Professionals who answer a question with content that excessively explains the rational or circumstances behind their actual point are not considered great communicators. Xtra Effort has seen many high quality and capable professionals not reach a sale, job, promotion, or adequate client satisfaction because their answer’s best content is lost among other non essential information.
Question: “How did you secure the Citi account?”
Answer: “I always knew a lot about financial service operations, the banking industry has been plagued with security concerns for years, our technology could easily be deployed without a lot of professional services, we secured a meeting with their CSO, and discovered they were considering IBM for end point security. We learned that previous enterprise security technology deployments at Citi were unsuccessful because of clumsy installation procedures, and then built and ROI around the time savings of automated installation of endpoint security. IBM could not provide the same level of automation or ROI. We secured the business.”
What content in the above answer is most compelling? I would suspect you agree it’s the italic content. Why not lead with the most compelling aspect of your answer?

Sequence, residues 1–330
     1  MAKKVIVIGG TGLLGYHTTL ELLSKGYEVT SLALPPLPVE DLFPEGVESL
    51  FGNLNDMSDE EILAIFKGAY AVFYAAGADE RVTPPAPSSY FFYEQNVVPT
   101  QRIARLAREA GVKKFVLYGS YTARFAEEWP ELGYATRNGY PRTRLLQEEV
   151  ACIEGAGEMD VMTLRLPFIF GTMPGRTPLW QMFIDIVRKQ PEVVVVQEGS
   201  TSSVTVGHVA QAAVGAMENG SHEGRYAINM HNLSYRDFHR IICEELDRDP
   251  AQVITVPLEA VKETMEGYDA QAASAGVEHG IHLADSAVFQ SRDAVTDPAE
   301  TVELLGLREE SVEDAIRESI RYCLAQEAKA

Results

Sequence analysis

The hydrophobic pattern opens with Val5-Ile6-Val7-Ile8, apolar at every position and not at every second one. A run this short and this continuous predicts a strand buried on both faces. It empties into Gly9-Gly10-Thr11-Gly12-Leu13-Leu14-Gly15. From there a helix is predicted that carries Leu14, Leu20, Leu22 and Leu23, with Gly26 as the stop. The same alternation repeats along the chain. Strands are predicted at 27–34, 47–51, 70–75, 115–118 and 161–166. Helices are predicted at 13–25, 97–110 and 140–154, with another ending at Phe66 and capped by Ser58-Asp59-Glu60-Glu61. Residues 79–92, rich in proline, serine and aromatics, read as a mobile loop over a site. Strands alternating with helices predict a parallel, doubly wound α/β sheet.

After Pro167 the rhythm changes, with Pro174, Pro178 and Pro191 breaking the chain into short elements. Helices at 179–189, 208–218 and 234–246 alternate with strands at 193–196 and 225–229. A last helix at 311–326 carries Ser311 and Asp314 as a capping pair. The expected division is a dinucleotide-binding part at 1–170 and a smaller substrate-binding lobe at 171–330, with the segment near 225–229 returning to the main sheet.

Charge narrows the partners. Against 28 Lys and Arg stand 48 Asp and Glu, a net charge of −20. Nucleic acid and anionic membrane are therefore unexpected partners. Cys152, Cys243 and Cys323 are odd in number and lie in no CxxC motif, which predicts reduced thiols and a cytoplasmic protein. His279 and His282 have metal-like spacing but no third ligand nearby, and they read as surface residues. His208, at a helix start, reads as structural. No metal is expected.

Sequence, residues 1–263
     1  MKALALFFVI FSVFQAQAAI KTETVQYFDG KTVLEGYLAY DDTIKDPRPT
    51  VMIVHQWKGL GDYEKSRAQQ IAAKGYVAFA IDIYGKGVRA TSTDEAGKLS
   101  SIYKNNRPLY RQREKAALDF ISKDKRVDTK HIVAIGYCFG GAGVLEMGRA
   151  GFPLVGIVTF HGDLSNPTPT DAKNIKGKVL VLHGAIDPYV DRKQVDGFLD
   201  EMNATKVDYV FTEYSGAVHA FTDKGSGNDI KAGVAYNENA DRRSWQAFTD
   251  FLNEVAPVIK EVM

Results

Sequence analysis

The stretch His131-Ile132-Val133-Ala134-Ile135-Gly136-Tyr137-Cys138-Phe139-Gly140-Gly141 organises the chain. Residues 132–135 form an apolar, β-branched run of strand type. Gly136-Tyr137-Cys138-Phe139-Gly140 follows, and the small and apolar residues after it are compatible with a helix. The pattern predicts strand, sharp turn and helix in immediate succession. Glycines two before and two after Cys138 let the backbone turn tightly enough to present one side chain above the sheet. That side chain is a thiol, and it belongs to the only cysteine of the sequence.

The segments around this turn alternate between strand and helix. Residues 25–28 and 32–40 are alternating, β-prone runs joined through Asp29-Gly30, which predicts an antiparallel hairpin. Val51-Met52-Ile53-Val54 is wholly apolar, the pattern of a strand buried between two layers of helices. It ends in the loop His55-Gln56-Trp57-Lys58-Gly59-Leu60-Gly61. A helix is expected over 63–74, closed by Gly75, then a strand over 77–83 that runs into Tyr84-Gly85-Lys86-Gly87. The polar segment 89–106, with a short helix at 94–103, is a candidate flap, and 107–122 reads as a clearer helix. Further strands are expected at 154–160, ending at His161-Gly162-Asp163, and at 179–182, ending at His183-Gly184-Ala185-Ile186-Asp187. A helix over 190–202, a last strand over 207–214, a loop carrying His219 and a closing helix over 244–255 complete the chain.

Practice: try having a friend or family member ask you five open ended questions from a list of 10. Be sure you don’t put advance thought into the answers.
Use a clock and voice recorder (smart phone) to record your answers. Time yourself, listen to your answers, and repeat the exercise to see if you can reduce the time to answer the question, while also having your answer LEAD WITH THE MOST IMPORTANT CONTENT FIRST, and then – if necessary – provide supporting rational, thoughts, and examples.
This exercise will be good for not only for interview preparation, but for all professional interaction.